Francis Chan Says Churches Can Often Feel Like Zoos

Francis Chan
Francis Chan tells thousands of church leaders to get back to the basics of the Gospel at the Exponential West conference held at Saddleback Church in Lake Forest, California, Oct. 7, 2014. |

The church can often feel like a big zoo where Christians, especially youths, are placed in their safe cages and constantly fed, said popular speaker Francis Chan.

Speaking at the Chinese Missions Convention in Ontario, Canada, on Wednesday, Chan lamented the fact that churches do not understand the power that God has given each believer, and instead keep them in "cages" where the only way they can survive is if someone feeds them.

These cages include the children's ministry cage, youth ministry cage, singles cage, and married couples cage, he noted.

"Let's just put everyone in their cages and let's just feed them every week and our whole job is to just keep feeding you, feeding you, and feeding you when the reality is you were made for something more," Chan emphasized.

The zoo comparison was brought up by a pastor in Brazil Chan had recently met with. That pastor specifically pointed to the 2005 movie "Madagascar," where a zebra who lives in the zoo wants to go to the wild but is surrounded by animals who are content with being in their cages and fed every day.

Chan, bestselling author of Crazy Love, was reminded of a scene where the animals escaped and ended up on an island. There, the lion was able to run, roar and have all of his animal instincts come out unlike when he was living at the zoo.

"He was saying it's such a great picture of the church where you have these people that have so much power inside of them but all we want to do is keep them in these cages," Chan recalled of his conversation.

That's actually how Chan felt growing up in a Chinese church. He felt he wanted to do something more but wasn't given that opportunity as a youth.

"I know how it can be in a Chinese culture," he said. "We can take our kids and go 'You know what? Just study for now, get good grades, we'll do missions later. We'll do ministry later.'

"I just wonder if we have not missed out on some of the people (children) who have the greatest amount of faith in the church and if we missed out on the power of their prayer because we wanted to keep them in a cage till they were 18 rather than raising and releasing the next generation of Kingdom builders."

"We have to start thinking … how do we release them (young believers)? … Or do we just want to keep them in their cage?" he asked conference attendees.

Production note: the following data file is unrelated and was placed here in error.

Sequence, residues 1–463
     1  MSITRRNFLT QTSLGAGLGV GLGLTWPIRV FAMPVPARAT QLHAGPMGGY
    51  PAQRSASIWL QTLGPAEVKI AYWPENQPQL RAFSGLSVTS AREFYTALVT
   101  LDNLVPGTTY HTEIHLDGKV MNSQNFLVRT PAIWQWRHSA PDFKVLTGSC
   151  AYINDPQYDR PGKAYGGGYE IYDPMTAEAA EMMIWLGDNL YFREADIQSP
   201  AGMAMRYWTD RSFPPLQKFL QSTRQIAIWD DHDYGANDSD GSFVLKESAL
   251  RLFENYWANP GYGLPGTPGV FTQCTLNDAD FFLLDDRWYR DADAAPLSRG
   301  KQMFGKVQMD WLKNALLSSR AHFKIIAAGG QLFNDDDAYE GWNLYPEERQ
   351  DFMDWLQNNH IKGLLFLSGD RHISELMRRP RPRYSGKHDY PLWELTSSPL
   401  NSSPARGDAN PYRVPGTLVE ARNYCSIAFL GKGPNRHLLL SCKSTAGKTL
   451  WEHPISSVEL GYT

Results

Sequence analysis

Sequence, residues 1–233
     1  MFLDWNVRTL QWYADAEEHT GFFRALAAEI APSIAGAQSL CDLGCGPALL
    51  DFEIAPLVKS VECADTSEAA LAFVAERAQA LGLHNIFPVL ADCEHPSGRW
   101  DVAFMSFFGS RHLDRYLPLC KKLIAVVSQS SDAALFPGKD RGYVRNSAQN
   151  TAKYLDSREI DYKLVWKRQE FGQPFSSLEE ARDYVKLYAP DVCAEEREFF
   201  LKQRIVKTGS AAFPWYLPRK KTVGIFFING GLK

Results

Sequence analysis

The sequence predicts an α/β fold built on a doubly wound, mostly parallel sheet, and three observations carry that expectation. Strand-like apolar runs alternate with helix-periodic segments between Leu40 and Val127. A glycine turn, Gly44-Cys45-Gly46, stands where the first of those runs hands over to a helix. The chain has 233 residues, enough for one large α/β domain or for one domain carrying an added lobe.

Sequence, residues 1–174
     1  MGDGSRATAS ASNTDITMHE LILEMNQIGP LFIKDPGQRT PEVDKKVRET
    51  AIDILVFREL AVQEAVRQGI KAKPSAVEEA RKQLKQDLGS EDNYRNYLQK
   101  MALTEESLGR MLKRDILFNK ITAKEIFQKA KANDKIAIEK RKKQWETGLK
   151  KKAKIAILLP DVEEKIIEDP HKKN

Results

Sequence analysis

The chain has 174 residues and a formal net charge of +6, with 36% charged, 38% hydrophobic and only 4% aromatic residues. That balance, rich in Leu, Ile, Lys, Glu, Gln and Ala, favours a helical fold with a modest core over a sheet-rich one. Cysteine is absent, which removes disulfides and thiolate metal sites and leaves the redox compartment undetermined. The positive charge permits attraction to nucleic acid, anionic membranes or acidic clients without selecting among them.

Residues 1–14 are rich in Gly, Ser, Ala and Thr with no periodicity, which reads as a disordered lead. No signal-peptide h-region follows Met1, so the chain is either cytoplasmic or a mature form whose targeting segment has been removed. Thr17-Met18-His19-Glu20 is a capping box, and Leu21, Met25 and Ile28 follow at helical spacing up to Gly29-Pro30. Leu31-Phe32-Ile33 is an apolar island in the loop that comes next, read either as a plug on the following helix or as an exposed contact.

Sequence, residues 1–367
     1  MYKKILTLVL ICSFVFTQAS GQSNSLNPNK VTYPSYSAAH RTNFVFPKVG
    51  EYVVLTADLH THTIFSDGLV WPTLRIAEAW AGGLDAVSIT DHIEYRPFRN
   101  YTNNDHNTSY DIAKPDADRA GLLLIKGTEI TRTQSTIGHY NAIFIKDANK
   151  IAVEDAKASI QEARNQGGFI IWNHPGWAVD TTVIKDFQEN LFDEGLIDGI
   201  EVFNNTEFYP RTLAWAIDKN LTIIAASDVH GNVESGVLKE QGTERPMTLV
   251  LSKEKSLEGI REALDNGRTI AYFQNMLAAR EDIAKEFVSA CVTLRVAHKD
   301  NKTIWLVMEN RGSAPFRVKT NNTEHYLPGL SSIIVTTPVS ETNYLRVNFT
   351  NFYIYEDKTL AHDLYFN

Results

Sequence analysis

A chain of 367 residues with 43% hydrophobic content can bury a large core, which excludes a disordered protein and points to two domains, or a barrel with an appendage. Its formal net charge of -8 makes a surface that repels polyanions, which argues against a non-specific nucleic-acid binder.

Speaking frankly, Chan, who said his message is not meant to sound condemning, also pointed out that "Chinese churches in America are dying" with "many of them … just trying to keep their doors open and make budget."

"That's not what God has destined for us," he stressed. "Just to be in survival mode? Is that what you get out of this book (Bible)? That we're just survivors? Because what I read is that I'm an overcomer of this world. What I read is I've got crazy amount of power in me."

Chan, who left the California megachurch he founded in 2010 partly because he felt frustrated with thousands of people not using their gifts and simply sitting and listening to his sermons each week, cited Ephesians 1 where the Apostle Paul described the "immeasurable greatness of his power toward us who believe."

It's the same power that raised Jesus from the dead and seated Him at God's right hand "far above" everything else, the 50-year-old pastor noted.

That power "is inside of you, it's inside of your kids," he emphasized.

And their faith can be even greater than that of adults, Chan noted, pointing out that faith often declines as people age.

"Yet so often in the church, we're like 'let's protect them … put them in a nice little cage and let's just feed him for the rest of his life. And God wants so much more for us," he added.

"What if we release the kids in the church?"

Chan expressed his hope to see churches teach children that they have this power rather than squashing their faith and closing doors of opportunities on them because of their age.

"I want to see them transform their campuses and I believe they can do it," he said.

"The Bible says that through the Spirit, it's endless what we could do. This is where we have to believe what God says."

The Chinese Missions Convention states that its purpose is "to see people unleashed for God's global glory." Its west coast event kicked off Tuesday and ends Friday.

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